Part of the group’s recommendations were included in the recovery plans, but the organization doesn’t know their implementation status. One of the main proposals, according to the engineer, was to identify the critical infrastructure or define how they relate to each other.
“That we understand that a hospital depends on having access through bridges, that it depends on the electrical system, that it depends on the transportation of diesel for its emergency capacity, that it depends on water,” González Moscoso said as an example.
Federal funds that aren’t disbursed
After Maria, the government and the Board put all their eggs in one basket: federal recovery funds would be the main — and sometimes only — source to finance improvements to the island’s infrastructure. More than $80 billion in federal funds would pay for reconstruction efforts, although the government and the Board don’t know when the disbursement will occur.
That bet has failed. The money has not arrived as projected, delaying improvement projects for roads and bridges, public facilities, hospitals, schools and the power grid, among others. According to official data, Puerto Rico has more than $48.7 billion in federal recovery funds assigned, of which more than $8 billion would go directly to infrastructure improvements, risk mitigation and resiliency projects. Of this amount, just over $150 million has been disbursed, less than 2% of the money allocated.
With the arrival of the coronavirus, the Puerto Rico government warned that the emergency may jeopardize the arrival and availability of federal funds, since the island will have to compete with other needs in the U.S..
Puerto Rico receives federal recovery money from three main sources: FEMA, HUD, and other federal agencies including Agriculture, Health, Education, Transportation, Homeland Security and the Army Corps of Engineers.
Under its Public Assistance program, FEMA covers what it calls “permanent work” through five different categories. These are projects to rebuild roads, bridges, aqueducts and sewers, the power grid, schools, hospitals and even national parks, among other public assets. But before FEMA gives out a penny, the federal agency and the government must agree on an estimated cost for each project, as established by Section 428 of the Stafford Act, FEMA’s charter law.
“You already know the story with federal funds and the process that was chosen. It had never been used after a hurricane. They say it was an agreement between the local government and FEMA over this Section 428 process due to Puerto Rico’s fiscal situation, but the truth is that this process takes a long time, because the government of Puerto Rico has to define the project, make an estimate, FEMA chooses its own resources to make the estimate, they have to meet and agree on a quantity,” said Malu Blázquez, executive director of CNE’s ReImagina Puerto Rico project.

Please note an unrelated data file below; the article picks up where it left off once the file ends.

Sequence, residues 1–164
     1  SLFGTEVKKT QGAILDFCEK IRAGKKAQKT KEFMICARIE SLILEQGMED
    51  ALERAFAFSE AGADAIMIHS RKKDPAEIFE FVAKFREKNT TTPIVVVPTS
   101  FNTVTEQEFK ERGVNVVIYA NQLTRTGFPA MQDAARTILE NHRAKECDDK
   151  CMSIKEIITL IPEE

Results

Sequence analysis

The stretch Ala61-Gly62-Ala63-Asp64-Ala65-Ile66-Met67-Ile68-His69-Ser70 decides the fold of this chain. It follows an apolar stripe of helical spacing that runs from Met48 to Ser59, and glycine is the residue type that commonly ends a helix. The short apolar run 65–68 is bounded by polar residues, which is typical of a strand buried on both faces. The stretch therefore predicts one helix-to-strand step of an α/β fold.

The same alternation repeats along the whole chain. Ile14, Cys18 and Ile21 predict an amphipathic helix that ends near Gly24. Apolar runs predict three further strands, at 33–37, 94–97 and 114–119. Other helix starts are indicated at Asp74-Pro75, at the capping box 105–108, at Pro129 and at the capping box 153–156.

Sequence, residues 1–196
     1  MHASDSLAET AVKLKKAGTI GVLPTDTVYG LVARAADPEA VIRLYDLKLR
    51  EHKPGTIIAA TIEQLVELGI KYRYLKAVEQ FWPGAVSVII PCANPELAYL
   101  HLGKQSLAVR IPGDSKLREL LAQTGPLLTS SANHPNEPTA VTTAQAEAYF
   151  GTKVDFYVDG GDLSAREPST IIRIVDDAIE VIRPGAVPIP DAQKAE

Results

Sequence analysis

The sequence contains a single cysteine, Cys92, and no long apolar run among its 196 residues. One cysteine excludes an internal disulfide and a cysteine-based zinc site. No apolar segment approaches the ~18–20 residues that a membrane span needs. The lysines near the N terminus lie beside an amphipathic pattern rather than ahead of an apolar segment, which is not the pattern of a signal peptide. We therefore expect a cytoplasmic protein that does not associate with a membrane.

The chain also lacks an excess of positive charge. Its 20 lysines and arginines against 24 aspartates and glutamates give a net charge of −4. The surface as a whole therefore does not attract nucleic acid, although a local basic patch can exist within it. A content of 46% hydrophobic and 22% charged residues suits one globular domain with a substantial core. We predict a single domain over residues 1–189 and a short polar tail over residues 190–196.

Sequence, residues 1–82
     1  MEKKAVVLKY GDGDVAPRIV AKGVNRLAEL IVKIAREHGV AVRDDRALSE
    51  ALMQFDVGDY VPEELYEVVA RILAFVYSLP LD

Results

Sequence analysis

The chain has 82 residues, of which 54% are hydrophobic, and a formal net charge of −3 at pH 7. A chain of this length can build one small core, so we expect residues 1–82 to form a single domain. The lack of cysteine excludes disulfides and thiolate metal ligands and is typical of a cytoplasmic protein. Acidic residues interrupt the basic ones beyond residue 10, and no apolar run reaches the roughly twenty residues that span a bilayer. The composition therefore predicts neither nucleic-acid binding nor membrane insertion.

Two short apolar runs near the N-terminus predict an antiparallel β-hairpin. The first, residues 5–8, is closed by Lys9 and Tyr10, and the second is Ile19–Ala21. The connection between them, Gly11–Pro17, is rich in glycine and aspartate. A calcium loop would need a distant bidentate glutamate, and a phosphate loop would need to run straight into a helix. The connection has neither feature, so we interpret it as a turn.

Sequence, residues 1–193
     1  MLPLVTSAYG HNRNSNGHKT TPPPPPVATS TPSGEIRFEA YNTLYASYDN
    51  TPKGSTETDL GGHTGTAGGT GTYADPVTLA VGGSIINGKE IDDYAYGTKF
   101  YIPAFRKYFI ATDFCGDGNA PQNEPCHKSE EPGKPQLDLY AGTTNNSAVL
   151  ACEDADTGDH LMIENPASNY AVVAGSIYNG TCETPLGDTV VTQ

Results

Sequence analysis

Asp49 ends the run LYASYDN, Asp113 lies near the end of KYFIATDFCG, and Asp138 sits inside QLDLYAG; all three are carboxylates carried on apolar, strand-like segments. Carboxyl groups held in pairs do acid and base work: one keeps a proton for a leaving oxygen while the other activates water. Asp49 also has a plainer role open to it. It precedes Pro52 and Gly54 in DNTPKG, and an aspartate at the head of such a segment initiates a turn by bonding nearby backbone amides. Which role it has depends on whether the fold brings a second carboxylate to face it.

At the operational level, the government has also been unable to coordinate and integrate efforts to expedite the arrival of federal funds. The Vázquez Garced administration has not released the cost estimate for permanent work projects that it wants to execute with FEMA funds, although the original deadline expired last October. Without the estimates, the negotiation process on a final figure cannot start and money cannot be disbursed.
A report by the U.S. Government Accountability Office issued in February confirmed the delay in the disbursement of recovery funds and revealed that local government employees are sometimes unaware of the rules that apply to complete the process and receive the FEMA money. The audit also found that FEMA must improve the assistance it provides to the Puerto Rico government to streamline the process and accelerate the disbursement of funds for large reconstruction projects.
In the case of HUD CDBG-DR funds, in addition to financing home reconstruction, more than $1.4 billion would be available to match FEMA’s Risk Mitigation program. As of today, not a cent has been received from these funds, while they continue to wait for every municipality to adopt or update their mitigation plans, one of the requirements for the use of this federal program.
For engineer González Moscoso, the urgency of receiving federal funds has led the government to “hunt for projects,” or come up with projects based on available federal funds.
“Federal funds are attached to some requirements. So, you are going to change your project needs or what you want to achieve, to comply with FEMA funds, to get the money and then invest. Instead of saying, ‘I want to do this, let me see how I look for an approach to achieve it.’ And that is another big concern that we have: that the municipalities and institutions are ‘hunting for federal funds’ instead of first defining their needs and then looking for how to do the project,” he said.